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As a patriot and a Daughter of the Revolution, I have a deep love and appreciation for our Constitution, Bill of Rights, and Declaration of Independence.  I’ve always been fairly outspoken in my defense of our “inalienable rights” and have been dogmatic in instilling those values in my children.

But, yesterday an epiphany hit me like a ton of bricks.

On my way to work, I was preparing to enter the on ramp when a fire truck pulled in front of me.  Immediately behind it followed an ambulance.  Halfway between my home town and the town I worked yesterday, traffic came to a standstill.  We waited and crept and waited and crept.

As I took my turn pulling off into the dirt and grass on the far left side of the freeway I couldn’t resist the urge to look to my right.

A vehicle was on its side.  It appeared to have possibly caught fire.  It was smashed beyond recognition as to make and model.  I think it may have been an SUV.  There was debris thrown and scattered a good forty feet in every direction.  About fifteen feet away a fashionable bag sat next to a laundry bin full of personal articles.  And, the paramedics were loading someone covered in a gray blanket into the back of the ambulance.

The tears immediately flowed as I petitioned God for His mercy and healing.  My heart broke with the recognition someone’s life had just been horribly altered.

I was forty-five minutes late to work, but my client was still there.  I shared with her the reason I was late, and she said that her daughter had just left.  She was heading the opposite direction, but we were both immediately concerned nonetheless.  The wrecked vehicle didn’t look like their truck at all, but my mind played tricks on me.  What if their truck was the other vehicle involved and was over the side, out of sight?  The vehicle I saw was in the middle of the road, on its side.  How in the world did it get there?  In that position?  Could it have careened over the edge of the north bound lanes?  Did it hit her daughter up there before flying over the edge of the hill into the south bound lanes?  I went a little crazy.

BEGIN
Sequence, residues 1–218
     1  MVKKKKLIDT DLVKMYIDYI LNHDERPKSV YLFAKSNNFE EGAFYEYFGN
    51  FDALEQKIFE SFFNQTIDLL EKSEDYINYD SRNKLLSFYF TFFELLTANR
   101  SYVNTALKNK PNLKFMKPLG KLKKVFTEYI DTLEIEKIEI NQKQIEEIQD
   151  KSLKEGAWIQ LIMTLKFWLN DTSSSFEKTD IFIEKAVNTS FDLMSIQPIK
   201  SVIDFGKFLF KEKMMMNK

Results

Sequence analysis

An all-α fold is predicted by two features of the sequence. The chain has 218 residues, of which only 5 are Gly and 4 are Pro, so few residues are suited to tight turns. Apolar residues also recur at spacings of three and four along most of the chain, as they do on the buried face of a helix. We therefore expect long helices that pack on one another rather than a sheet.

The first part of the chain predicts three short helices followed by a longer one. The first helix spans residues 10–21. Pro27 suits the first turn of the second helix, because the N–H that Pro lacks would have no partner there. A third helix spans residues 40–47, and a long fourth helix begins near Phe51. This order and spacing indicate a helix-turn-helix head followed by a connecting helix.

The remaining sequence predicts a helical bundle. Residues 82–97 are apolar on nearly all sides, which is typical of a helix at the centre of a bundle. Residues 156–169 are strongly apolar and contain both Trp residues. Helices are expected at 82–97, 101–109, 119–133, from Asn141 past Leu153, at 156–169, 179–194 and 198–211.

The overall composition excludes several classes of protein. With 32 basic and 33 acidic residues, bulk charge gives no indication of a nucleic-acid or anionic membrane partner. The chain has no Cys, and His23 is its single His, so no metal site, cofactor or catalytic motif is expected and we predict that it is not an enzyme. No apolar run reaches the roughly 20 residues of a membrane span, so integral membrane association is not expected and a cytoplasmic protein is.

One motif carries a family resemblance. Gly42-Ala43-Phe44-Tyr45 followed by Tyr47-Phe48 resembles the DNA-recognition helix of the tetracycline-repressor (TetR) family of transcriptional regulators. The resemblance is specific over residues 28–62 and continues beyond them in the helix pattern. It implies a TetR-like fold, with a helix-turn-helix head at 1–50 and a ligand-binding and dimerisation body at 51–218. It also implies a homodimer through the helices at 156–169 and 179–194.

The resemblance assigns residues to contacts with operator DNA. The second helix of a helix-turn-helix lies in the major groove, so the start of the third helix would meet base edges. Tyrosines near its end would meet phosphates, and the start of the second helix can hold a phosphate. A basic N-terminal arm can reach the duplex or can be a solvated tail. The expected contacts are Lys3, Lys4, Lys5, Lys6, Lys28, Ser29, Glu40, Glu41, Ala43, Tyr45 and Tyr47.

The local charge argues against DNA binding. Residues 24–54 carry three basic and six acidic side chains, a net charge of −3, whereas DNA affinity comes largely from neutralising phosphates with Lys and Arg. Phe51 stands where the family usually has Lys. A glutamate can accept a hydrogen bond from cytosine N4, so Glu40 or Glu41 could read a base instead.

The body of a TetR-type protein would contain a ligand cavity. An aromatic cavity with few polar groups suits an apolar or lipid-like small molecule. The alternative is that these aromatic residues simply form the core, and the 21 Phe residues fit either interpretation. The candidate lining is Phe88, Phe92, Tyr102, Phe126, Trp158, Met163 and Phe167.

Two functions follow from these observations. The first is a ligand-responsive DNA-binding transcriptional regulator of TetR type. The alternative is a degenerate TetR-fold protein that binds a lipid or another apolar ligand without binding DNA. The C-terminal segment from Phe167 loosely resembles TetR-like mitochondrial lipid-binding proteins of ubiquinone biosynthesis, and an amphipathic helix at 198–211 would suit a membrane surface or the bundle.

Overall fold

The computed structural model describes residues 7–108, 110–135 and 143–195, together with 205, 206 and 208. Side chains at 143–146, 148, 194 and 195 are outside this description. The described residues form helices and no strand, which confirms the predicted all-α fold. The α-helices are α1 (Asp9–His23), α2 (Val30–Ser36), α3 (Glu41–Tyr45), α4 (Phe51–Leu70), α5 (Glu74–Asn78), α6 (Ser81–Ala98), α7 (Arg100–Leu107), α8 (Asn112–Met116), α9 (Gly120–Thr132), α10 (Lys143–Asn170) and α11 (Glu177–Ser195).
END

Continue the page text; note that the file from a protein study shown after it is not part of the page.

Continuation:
I kept my phone out, waiting for a text saying that the girl was okay and safely at her college class.  I cleaned the counters and then checked my phone.  I cleaned the appliances and then checked my phone.  After each small chore I checked my phone.

A text from my client was long in coming, but I had one from my babysitter.  The highlighted bar said, “Still at the doctor…”, so I checked it.  She was letting me know that she had just been told she has a very invasive but slow growing type of malignancy in her mouth.

She isn’t just my babysitter.  She’s only my babysitter because she’s one of my best friends.  She and her family have become more like family to us.

Everything instantly became surreal, and I sobbed HARD while I tried to see through the tears to clean the mirrors.

When I arrived at their house though, as is so typical of her and her husband, they immediately began discussing the unfairness of my situation!

This morning, after I responded to her private message on Facebook, I posted a picture of my youngest granddaughter, asking for everyone to click on the link to vote for her.  My daughter has entered O in a Gerber contest.

The second response to my post came from the brother of the young woman my granddaughter is named after.  He commented, “Who wouldn’t?  She is so adorable.  And, she has a special name.  A winner for sure……”